Randy Denmon is a writer and engineer. His novels and nonfiction have won the Western Writers of America Spur Award, the Faulkner-Wisdom Award, and he has been a finalist for the Ben Franklin Award. A lifelong Louisiana resident, he currently resides in Monroe, LA. When not writing, he is a practicing Civil Engineer.
“In a 21st-century twist on a midlife crisis road trip, Denmon (Lords of an Empty Land) sets out on a journey that promises to be more foolhardy than adventurous. When he reads of the first coast-to-coast road trip in an electric car, he persuades his friend Dean to accompany him from Louisiana to Panama in a Tesla Model S. Under perfect conditions, the vehicle has a range of 265 miles. Battling rough roads, desert, and jungle terrain, the author asks: Will the car reach the next charging station before the travelers are attacked by bandits or kidnappers? Their holy grail is finding an outlet with enough amps to charge at the end of each day. The seven Central American countries, including one known as the “murder capital of the world,” have unpredictable cell phone service and corrupt law enforcement. This isn’t a road test—the author doesn’t include technical details—but a journey of self-reflection and challenges, told with humor. VERDICT This tale of two guys in a futuristic car traveling across a low-tech landscape will appeal to fans of humorous travel ¬writers, such as Bill Bryson and Tim Cahill.”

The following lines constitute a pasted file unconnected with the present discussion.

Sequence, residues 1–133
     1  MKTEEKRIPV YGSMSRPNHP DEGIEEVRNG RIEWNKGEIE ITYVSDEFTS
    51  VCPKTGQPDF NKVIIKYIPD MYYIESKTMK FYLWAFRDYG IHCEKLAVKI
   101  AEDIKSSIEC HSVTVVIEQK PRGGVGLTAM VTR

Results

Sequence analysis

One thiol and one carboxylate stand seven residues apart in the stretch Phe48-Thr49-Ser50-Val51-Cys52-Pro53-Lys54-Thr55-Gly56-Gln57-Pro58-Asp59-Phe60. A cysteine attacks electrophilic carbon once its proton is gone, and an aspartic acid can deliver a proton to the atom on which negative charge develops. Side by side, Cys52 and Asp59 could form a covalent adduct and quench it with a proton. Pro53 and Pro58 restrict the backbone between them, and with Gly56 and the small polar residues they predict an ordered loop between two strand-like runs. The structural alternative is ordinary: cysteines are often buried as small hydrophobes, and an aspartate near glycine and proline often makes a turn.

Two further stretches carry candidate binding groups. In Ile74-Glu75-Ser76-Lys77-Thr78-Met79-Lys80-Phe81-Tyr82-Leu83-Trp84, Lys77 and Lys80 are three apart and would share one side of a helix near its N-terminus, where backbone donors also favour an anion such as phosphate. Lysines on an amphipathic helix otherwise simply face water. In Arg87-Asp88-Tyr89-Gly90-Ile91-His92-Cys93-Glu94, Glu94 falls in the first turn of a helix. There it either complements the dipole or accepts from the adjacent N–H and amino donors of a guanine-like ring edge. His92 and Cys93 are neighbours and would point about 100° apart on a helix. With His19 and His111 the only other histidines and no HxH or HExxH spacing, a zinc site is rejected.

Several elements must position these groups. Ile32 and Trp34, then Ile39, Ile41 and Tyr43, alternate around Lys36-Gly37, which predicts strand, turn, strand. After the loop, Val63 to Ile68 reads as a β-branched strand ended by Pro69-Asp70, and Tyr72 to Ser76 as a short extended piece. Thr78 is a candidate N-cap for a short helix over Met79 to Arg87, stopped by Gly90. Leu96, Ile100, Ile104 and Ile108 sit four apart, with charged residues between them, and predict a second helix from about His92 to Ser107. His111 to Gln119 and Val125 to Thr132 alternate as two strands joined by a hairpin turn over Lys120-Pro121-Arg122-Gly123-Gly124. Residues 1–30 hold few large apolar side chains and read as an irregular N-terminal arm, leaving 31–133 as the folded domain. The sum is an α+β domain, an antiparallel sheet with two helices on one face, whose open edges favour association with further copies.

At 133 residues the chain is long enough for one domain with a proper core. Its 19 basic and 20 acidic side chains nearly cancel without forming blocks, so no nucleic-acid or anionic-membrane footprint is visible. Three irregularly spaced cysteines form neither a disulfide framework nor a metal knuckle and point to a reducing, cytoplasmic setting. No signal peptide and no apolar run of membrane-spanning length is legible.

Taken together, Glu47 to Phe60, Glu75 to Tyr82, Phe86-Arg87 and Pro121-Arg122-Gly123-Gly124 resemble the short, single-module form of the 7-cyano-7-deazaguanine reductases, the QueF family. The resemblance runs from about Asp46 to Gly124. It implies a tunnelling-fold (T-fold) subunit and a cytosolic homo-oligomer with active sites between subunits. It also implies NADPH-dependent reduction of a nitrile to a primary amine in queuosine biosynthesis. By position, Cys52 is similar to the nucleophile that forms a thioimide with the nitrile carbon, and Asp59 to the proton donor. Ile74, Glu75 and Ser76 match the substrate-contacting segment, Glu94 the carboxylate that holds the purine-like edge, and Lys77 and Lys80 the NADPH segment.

“What does a fortysomething president of a busy engineering firm do when he’s tired of meetings, invoices, reports, e-mails, and drudgery? “I was a dull workaholic,” Denmon writes, and so he decided to do something truly exciting (not to mention intimidating): climb into a Tesla electric car and drive from Louisiana, through Latin America, to Panama. For companionship, he took along his friend Dean, who, like the author, is a Gulf War veteran. Denmon describes himself as a “Louisiana redneck,” and sometimes the writing reflects that—for example, he describes a television broadcaster as a “sexy Mexican weather gal”—but we get the impression he’s throwing some rednecky prose in there to emphasize the self deprecating person. Denmon is actually a very good writer, with some well-received western novels under his belt, and he strikes a nice balance here between adventure and misadventure (the road to Panama was not always a smooth one), with some moments of comedy and danger thrown into the mix. It’s an entertaining tour of Latin America, but one that might make readers glad to experience it from the comfort of their own armchairs.”
“The Savage Breed unfolds with a rush in a time and place rarely visited by the average Western writer. Randy Denmon takes the reader down a suspenseful trail to a near forgotten period in this rousing story of war, love and revenge.”
“An impressive debut–a colorful, action-filled novel.”